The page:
Thomas Schelling showed that it could sometimes pay to be irrational, or at least to appear to be irrational. If they think you’re crazy then in a game of chicken it’s your opponent who will backdown.
It’s known that Nixon understood the theory but in an frightening article in Wired we learn the insane extent to which the theory was practiced.
Frustrated at the state of affairs in Vietnam, Nixon resolved to:
…threaten the Soviet Union with a massive nuclear strike and make its
leaders think he was crazy enough to go through with it. His hope was
that the Soviets would be so frightened of events spinning out of
control that they would strong-arm Hanoi, telling the North Vietnamese
to start making concessions at the negotiating table or risk losing
Soviet military support.
Much more was involved than words, at one point nuclear bombers were sent directly towards Soviet airspace where they triggered the Soviet defense systems.
On the morning of October 27, 1969, a squadron of 18
B-52s – massive bombers with eight turbo engines and 185-foot wingspans
– began racing from the western US toward the eastern border of the
Soviet Union. The pilots flew for 18 hours without rest, hurtling
toward their targets at more than 500 miles per hour. Each plane was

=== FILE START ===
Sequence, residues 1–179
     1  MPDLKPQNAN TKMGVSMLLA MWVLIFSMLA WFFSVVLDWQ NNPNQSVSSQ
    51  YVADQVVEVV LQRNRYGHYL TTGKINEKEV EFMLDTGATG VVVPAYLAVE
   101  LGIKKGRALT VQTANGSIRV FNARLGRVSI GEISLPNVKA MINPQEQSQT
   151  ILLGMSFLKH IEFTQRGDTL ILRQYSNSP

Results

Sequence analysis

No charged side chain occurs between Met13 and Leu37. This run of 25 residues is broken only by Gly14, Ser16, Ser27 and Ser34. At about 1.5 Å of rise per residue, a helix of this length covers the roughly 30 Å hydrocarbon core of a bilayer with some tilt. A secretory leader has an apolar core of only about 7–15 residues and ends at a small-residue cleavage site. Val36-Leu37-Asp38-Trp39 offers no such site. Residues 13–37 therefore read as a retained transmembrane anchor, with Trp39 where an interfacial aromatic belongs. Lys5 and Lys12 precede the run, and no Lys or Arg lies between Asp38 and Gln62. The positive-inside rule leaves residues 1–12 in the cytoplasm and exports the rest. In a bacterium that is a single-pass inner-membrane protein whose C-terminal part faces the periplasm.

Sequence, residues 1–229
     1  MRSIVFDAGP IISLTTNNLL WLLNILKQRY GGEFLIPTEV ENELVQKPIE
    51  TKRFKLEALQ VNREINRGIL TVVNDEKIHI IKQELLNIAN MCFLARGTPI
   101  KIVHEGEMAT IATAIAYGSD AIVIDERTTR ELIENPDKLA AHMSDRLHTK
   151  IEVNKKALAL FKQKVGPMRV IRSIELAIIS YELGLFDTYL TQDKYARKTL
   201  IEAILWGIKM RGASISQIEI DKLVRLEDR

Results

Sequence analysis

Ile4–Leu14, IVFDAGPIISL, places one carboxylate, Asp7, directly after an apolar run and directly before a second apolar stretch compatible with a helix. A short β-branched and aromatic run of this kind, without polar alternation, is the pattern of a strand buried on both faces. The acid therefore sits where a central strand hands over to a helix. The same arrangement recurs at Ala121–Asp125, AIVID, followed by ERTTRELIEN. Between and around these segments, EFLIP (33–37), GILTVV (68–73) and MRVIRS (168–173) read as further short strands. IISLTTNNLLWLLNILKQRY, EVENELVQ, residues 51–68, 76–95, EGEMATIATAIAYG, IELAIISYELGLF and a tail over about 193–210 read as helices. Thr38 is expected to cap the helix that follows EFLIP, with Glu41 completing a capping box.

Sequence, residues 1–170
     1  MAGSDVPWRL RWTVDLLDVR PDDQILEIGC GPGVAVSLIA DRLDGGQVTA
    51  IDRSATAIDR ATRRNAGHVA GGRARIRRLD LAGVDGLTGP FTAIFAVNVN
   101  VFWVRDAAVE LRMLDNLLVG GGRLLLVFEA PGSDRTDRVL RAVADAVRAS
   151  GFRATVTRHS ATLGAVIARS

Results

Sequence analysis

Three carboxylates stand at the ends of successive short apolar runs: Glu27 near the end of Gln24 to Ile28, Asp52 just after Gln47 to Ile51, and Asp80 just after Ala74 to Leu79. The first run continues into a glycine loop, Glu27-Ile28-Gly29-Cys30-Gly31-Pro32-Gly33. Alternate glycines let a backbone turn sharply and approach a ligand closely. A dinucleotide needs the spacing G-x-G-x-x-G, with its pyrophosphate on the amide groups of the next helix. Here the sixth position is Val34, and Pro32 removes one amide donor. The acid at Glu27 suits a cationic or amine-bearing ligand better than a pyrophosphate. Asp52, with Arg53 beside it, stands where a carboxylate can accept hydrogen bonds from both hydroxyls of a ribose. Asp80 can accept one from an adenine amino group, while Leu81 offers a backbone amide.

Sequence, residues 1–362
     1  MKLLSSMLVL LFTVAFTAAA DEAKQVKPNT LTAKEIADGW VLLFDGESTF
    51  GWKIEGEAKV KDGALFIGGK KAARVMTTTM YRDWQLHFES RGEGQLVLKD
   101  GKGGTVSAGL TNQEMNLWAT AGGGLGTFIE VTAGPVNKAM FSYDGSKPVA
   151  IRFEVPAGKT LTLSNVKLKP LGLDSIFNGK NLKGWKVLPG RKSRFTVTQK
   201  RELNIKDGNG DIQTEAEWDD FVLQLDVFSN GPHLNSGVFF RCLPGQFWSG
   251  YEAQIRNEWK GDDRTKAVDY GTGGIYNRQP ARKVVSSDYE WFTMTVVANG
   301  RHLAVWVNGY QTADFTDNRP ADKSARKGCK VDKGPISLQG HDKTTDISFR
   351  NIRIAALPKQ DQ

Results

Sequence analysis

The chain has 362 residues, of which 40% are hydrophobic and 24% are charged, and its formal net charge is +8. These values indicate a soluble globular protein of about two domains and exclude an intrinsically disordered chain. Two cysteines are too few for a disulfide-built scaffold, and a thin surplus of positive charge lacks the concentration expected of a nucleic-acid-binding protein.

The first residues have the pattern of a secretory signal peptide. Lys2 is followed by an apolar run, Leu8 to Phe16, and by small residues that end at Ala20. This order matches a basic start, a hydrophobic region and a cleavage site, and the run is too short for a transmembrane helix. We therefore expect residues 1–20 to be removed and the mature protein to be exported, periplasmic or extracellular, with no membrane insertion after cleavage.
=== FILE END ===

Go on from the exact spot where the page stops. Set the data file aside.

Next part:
loaded with nuclear weapons hundreds of times more powerful than the
ones that had obliterated Hiroshima and Nagasaki.
The Soviets went nuts but following Nixon’s orders Kissinger told the Soviet ambassador that the President was out of control.
Apparently neither Nixon or Kissinger had absorbed another Schelling insight – if you want to credibly pretend you are out of control then you have to push things so far that sometimes you will be out of control. The number of ways such a plan could have resulted in a nuclear war is truly frightening. After all, Nixon was gambling millions of lives on the Soviets being the rational players in this game.
Next time you are told how a madman threatens the world remember the greatest threats have come from our own mad men.